Let me introduce myself. My name is Mark Sisson. I’m 63 years young. I live and work in Malibu, California. In a past life I was a professional marathoner and triathlete. Now my life goal is to help 100 million people get healthy. I started this blog in 2006 to empower people to take full responsibility for their own health and enjoyment of life by investigating, discussing, and critically rethinking everything we’ve assumed to be true about health and wellness...Tell Me More
For today’s Dear Mark, we’ve got a series of questions and answers related to the successful realization of your New Year’s resolutions. No matter what you’ve actually resolved to try to do, you’ll probably find something of interest in today’s post. First, I cover the eternal question everyone ponders when attempting a lifestyle overhaul: cold turkey or baby steps? Next, I give tips to someone who’s worried he’ll fail going Primal just like all the other times he’s tried to change his diet. Third, I cover how quickly a person might see results from going Primal, explaining the various determining factors as well as the best way to think about your results. And finally, I reveal my (lack of) New Year’s resolutions for everyone to dissect!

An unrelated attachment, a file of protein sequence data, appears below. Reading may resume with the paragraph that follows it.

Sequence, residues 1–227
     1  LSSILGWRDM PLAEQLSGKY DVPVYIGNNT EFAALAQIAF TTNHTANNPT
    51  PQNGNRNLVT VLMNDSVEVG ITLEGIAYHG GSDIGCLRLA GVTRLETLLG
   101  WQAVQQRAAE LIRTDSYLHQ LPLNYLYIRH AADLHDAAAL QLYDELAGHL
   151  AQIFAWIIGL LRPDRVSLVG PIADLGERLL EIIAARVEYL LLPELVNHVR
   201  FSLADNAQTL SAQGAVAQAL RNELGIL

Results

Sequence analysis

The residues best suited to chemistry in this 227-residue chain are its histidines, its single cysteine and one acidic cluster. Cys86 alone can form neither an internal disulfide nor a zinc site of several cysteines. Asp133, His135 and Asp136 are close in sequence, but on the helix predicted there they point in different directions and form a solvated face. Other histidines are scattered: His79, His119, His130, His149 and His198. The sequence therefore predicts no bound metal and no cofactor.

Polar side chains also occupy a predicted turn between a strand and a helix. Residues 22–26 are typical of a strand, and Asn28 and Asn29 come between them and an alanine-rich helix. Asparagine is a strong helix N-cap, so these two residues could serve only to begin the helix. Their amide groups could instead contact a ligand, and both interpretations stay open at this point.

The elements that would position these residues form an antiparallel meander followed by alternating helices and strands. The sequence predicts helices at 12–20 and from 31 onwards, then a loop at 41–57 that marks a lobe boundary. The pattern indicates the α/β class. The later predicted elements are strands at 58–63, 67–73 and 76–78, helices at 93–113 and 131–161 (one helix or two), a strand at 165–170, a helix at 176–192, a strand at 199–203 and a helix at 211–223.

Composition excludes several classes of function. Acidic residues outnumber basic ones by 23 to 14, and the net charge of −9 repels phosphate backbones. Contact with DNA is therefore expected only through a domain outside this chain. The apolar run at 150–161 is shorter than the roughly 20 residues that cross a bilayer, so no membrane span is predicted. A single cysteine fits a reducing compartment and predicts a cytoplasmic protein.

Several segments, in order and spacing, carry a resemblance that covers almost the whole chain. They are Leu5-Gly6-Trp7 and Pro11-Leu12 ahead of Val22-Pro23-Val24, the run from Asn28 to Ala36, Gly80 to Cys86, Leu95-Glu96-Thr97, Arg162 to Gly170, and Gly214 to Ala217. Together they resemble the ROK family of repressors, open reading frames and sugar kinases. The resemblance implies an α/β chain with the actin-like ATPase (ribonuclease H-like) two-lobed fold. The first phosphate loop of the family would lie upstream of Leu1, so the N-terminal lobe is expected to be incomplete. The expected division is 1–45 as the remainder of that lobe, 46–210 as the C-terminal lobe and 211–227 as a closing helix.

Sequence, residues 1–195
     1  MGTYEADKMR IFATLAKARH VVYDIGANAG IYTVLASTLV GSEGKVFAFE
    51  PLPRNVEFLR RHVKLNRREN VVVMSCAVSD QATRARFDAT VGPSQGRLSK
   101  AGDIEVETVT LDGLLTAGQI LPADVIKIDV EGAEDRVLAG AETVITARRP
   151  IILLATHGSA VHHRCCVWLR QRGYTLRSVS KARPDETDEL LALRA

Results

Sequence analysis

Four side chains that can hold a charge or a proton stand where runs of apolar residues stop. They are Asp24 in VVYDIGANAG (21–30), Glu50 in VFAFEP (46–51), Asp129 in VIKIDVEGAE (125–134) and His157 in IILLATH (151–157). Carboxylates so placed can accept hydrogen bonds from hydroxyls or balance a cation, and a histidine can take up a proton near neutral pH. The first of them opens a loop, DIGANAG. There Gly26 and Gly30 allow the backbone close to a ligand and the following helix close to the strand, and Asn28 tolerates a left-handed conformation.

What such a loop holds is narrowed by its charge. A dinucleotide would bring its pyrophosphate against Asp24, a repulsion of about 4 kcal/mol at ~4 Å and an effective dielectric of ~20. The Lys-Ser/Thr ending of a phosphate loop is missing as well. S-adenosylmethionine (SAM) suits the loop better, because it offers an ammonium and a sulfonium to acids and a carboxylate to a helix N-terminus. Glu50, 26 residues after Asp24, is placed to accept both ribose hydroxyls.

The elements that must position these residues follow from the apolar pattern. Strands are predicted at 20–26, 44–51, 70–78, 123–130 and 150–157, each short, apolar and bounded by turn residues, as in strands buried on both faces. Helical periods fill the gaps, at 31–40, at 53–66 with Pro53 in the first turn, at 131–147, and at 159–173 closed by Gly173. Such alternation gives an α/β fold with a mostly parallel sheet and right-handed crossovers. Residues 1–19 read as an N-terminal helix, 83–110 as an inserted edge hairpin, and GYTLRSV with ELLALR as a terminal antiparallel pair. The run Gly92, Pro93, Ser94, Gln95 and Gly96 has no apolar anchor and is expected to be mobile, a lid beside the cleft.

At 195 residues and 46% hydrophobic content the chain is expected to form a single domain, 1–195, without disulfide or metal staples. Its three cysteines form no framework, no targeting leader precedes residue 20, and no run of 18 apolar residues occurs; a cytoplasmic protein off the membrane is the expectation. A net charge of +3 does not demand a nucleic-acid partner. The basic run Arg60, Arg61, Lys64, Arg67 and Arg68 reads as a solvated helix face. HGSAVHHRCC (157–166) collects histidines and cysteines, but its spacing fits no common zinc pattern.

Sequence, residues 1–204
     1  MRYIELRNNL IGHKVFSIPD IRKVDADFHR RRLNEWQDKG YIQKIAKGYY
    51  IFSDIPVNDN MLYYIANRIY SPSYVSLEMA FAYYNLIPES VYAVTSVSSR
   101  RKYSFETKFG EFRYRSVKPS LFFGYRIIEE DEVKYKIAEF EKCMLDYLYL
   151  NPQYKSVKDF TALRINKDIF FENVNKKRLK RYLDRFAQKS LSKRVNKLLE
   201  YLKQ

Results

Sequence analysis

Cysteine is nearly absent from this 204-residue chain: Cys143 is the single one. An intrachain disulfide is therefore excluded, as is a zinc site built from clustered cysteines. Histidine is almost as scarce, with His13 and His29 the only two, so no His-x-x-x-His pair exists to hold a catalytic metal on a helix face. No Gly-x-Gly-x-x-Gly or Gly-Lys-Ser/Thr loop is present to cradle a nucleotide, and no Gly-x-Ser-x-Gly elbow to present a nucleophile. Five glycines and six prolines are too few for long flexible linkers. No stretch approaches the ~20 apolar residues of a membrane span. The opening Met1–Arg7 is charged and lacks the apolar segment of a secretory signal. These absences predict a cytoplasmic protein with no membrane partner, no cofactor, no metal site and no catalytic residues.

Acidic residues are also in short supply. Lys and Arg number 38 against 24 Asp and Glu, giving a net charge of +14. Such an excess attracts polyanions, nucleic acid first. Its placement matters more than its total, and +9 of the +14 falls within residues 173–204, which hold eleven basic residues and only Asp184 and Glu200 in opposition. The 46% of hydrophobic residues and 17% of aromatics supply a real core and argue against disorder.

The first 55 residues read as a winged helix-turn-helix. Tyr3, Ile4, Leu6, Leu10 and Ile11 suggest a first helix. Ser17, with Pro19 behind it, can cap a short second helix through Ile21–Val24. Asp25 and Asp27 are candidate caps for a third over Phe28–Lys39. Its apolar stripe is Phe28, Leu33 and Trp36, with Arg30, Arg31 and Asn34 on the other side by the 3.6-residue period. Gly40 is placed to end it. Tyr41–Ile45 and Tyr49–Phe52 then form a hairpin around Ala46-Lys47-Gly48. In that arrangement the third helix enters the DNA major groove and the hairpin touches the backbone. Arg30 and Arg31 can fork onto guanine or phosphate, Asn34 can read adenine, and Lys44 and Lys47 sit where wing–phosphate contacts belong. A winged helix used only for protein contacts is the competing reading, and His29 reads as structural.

Should I go cold turkey or take baby steps in my New Year’s resolution?
There are advantages to either, and it mostly comes down to what you’re actually resolving to do.
If you’re trying to lose weight, you might be better off going cold turkey. Most of the evidence suggests that large initial reductions in weight lead to the best long-term weight loss maintenance. That said, increased adherence to a diet may explain some of the research supporting the cold turkey approach. It’s probable that those who lose the most initial weight are more likely to stick to the diet because they’re buoyed by the early success. That initial burst of weight loss can really boost enthusiasm and serve as motivation for when weight loss inevitably slows.